Alexander held games to celebrate his victories; he offered magnificent sacrifices to the gods and entertained his friends lavishly. One day when the Companions were feasting, and intoxication was growing as the drinking went on, a violent madness took hold of these drunken men. One of the women present, Thais, the Athenian lover of the Macedonian commander Ptolemy, declared that it would be Alexander’s greatest achievement in Asia to join in their procession and set fire to the royal palace, allowing women’s hands to destroy in an instant what had been the pride of the Persians.

These words were spoken to young men who were completely out of their minds because of drink, and someone, as expected, shouted to lead off the procession and light torches, exhorting them to punish the crimes committed against the Greek sanctuaries. Others joined in the cry and said that only Alexander was worthy of this deed. The king was excited with the rest by these words. They all leaped out from the banquet and passed the word around to form a triumphal procession in honour of Dionysus.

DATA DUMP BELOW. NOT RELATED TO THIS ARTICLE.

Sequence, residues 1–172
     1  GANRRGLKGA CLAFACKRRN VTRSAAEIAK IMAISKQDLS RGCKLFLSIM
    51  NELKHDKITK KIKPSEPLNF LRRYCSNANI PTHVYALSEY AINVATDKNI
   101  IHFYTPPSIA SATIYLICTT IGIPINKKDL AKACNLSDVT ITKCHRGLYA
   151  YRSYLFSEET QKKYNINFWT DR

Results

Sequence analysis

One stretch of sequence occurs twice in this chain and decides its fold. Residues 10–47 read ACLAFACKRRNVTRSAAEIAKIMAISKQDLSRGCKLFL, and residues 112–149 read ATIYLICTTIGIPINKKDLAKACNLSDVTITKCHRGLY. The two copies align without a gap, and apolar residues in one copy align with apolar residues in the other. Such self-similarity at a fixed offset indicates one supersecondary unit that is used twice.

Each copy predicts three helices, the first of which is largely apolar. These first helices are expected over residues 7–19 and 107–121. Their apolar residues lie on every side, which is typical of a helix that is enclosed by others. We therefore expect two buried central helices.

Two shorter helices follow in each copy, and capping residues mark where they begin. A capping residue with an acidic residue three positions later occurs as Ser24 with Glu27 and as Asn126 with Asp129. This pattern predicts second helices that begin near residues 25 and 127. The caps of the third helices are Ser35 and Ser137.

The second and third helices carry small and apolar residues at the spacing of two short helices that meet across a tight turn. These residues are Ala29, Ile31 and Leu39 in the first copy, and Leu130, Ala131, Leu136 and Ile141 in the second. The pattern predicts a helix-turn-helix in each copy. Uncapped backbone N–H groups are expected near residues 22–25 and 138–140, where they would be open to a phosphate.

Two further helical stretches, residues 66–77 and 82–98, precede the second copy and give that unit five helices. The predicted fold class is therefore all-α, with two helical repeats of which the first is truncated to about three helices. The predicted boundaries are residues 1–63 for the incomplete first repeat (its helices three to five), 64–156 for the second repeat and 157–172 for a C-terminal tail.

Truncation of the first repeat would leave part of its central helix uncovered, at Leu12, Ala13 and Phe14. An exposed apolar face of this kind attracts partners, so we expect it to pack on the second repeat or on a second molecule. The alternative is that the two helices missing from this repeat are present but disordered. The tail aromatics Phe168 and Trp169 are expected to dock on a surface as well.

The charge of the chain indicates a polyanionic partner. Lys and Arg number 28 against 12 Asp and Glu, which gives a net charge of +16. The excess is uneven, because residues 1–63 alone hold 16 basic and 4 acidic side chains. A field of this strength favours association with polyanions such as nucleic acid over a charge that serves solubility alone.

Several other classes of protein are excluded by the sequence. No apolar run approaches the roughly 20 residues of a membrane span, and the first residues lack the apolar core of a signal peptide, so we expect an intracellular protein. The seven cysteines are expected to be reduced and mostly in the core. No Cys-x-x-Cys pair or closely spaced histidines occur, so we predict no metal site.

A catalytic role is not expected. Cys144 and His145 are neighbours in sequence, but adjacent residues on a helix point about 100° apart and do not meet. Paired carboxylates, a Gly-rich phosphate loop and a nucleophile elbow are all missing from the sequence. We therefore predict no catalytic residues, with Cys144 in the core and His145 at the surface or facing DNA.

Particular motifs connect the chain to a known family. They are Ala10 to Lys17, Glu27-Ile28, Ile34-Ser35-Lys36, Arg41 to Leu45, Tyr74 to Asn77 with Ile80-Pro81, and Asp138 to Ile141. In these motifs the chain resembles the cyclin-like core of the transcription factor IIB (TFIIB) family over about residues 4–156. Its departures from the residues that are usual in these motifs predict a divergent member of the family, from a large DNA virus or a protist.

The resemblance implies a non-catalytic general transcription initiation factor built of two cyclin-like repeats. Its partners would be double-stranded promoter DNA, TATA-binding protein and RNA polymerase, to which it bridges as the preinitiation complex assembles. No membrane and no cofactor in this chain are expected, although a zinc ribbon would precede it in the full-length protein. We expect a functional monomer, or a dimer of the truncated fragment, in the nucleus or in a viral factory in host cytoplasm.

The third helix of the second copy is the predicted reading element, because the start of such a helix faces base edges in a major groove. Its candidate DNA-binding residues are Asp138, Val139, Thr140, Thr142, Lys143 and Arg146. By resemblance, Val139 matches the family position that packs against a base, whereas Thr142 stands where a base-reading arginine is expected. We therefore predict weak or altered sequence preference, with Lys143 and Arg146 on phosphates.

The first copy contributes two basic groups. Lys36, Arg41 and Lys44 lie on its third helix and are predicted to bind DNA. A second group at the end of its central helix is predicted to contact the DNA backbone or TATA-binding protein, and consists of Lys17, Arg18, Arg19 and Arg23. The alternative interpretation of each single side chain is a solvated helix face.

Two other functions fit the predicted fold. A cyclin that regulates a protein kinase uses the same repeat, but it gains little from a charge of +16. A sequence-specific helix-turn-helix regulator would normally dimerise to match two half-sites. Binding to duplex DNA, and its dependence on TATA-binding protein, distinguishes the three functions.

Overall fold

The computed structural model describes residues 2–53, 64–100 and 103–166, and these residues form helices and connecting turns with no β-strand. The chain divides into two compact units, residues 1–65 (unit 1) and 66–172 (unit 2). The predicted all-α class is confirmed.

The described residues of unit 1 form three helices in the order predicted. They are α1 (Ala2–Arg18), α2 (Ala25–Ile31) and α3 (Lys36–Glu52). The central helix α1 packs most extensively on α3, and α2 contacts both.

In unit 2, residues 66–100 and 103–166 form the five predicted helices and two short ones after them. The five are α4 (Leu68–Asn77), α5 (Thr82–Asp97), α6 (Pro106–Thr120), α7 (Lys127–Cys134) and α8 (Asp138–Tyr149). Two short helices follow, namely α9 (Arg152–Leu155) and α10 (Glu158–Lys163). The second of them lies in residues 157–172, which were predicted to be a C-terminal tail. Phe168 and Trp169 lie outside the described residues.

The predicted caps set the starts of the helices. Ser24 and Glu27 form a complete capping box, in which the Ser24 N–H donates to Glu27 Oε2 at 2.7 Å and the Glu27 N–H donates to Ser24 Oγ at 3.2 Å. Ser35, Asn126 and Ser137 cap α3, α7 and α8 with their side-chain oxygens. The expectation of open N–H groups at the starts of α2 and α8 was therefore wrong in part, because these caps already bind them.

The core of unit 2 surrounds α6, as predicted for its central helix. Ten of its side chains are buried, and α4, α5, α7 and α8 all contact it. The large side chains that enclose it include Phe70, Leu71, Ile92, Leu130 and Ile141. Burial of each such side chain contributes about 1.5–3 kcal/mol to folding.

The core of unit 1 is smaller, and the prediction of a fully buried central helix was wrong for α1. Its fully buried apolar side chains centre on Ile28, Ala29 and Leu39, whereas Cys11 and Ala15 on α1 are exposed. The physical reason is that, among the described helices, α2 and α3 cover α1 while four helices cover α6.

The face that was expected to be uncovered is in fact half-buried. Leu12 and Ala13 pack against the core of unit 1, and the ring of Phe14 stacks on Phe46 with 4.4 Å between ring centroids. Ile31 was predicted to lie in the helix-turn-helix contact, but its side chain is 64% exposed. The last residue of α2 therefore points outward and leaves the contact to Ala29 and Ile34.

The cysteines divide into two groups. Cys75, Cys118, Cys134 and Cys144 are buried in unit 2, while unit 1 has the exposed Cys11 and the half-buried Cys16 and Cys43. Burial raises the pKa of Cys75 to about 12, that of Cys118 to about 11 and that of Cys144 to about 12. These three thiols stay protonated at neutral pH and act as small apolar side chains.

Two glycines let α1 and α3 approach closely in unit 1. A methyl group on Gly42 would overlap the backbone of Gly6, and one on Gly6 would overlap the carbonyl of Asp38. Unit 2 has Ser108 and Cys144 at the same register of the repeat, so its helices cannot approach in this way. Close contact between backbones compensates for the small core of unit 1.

A quantity of torches was quickly collected, and as female musicians had been invited to the banquet, it was to the sound of singing and flutes and pipes that the king led them to the revel, with Thais the courtesan conducting the ceremony. She was the first after the king to throw her blazing torch into the palace. As the others followed their example the whole area of the royal palace was quickly engulfed in flames. (17.72.1-6)

Quintus Rufus

The Roman historian Quintus Curtius Rufus (l.41-54 CE) in his History of Alexander the Great, also cites Thais as the instigator of the fire which consumed Persepolis: